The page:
Talk about a stress test.
The opening 19.3km team time trial for this year’s Giro d’Italian was packed with drama and wasn’t decided until the closing seconds.
While it was almost a foregone conclusion that HTC-Highroad would win the opening stage, the tension was still jacked sky high. Would owner Bob Stapleton decide Mark Cavendish or Italian Marco Pinotti should wear the pink jersey?
Would it be the loud, brash sprinter, the fastest man in the race, or the classy and intelligent rider from Lombardy? A tough call even for a billionaire CEO used to decisive action.
In the press, Cavendish had said he wouldn’t mind the maglia rosa but team management seemed to be leaning the other way, toward Pinotti, riding in his country’s grand tour.
Into the final stretch, Boy Racer was in front of Pinotti but by the finish line, it was the reigning Italian time trial champion who would take the honors, champagne and podium kisses. Whew, that was a close one.
And the race for second place was on.
Omega Pharma-Lotto set the early fast time at 21:21 before big name squads like Garmin-Cervelo, Team Sky, Saxo Bank and Liquigas rolled down the ramp in the Palace of Venaria.
The lime green machine of Vincenzo Nibali put in a strong ride just 22 seconds back. Garmin-Cervelo lost a few riders, finishing with six and taking 5th place. Alberto Contador’s Screaming Eagles did a respectable performance, not blazing fast or bumbling slow, for 8th place. That’s enough for Alberto to feel tranquillo.
Another happy Italian was Michele Scarponi of Lampre-ISD. While his name keeps popping up in the Padova doping investigation, his Lampre-ISD went full gas for sixth place. “Two seconds or six seconds might not count much at the end of the Giro but it’s not a bad feeling to be ahead of Contador,” said Scaponi. We’ll bet he’s keeping his hotel room really, really clean, too.
Perhaps it was Radio Shack who delivered the biggest surprise. The second-to-last team to go, Johan Bruyneel’s team ripped the course apart, coming within 10 seconds of HTC-Highroad’s winning time. There are high hopes that young Tiago Machado can make the top 10 so consider stage 1 a ride in the right direction. Bjorn Selander also picked up the white jersey. Chapeau with a big red R on it.
While the Giro celebrates 150 years of Italian unification, some teams clearly didn’t have it together. Katusha, the Russian Global Cycling Shindig! looked ragged, confused and uncomfortable on their time trial bikes. Road captain Danilo di Luca, Mr. 80%, has to get his boys organized. Their podium contender Joaquin Rodriguez already finds himself 1:04 off the pace.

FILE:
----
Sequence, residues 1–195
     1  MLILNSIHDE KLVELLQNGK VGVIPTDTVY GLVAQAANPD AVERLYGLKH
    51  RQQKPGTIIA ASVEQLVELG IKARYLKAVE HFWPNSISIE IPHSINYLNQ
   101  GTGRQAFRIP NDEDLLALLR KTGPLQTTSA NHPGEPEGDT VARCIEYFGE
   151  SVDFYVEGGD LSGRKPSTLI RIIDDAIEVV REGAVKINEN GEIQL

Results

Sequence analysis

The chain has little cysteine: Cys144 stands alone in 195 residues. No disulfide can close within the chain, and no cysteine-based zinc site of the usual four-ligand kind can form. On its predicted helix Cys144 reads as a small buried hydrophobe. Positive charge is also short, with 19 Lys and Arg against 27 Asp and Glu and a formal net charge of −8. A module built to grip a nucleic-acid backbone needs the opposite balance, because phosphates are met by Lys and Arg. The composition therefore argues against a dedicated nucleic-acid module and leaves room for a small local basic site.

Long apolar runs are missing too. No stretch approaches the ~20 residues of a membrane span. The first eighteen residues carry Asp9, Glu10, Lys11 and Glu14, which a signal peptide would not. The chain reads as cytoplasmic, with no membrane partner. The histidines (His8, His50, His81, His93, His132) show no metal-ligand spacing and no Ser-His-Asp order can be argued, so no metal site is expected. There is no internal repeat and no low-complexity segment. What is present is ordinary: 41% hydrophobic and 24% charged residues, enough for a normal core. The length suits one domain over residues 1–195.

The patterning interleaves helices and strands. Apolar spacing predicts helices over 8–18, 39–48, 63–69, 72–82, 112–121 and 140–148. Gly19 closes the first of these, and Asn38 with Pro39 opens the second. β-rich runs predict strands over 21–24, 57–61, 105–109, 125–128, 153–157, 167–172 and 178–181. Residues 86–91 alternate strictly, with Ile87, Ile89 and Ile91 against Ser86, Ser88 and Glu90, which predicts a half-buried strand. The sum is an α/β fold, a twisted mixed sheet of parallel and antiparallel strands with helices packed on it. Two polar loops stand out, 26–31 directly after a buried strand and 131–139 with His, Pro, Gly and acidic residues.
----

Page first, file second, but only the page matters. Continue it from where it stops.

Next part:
The Geox squad, home of the smoking iron footwear, also clocked a poor time. Denis Menchov has the support of Carlos Sastre in the mountains but recieved little today in Turin. An 18th place is not an encouraging effort for a team that’s targeted the Giro and not riding the Tour de France.
There are forty mountains to climb and no big reason to panic but psychologically, it doesn’t do much for morale. DS Zanini says they’ve greated at “great atmosphere” at Geox but we didn’t see it on the road. (It should also be noted that at 17th place, hopeful Roman Kreuziger and Astana barely edged out Geox.)
Dead last but not least, the Men of Orange, Euskatel-Euskadi, Obla-di, Ob-lada. The Basque squad of Igor Anton left it all out on the race course — sadly, there wasn’t much to leave. Give them a mountain to climb and they’re happy, give them a flat time trial and they’re 23rd. No tapas tonight.
Today, the Giro belonged to Marco Pinotti, a selfless rider, an outspoken critic of doping and a consumate professional. At 35 years of age, slipping on the maglia rosa must have been sweet indeed. We’re sure even Mark Cavenish is happy for him.
|Rabobank Cycling Team
|Saxo Bank Sungard
|Vacansoleil-DCM Pro Cycling Team
|BMC Racing Team
|Quickstep Cycling Team
|AG2R La Mondiale
|Pro Team Astana
|Farnese Vini-Neri Sottoli
|Acqua & Sapone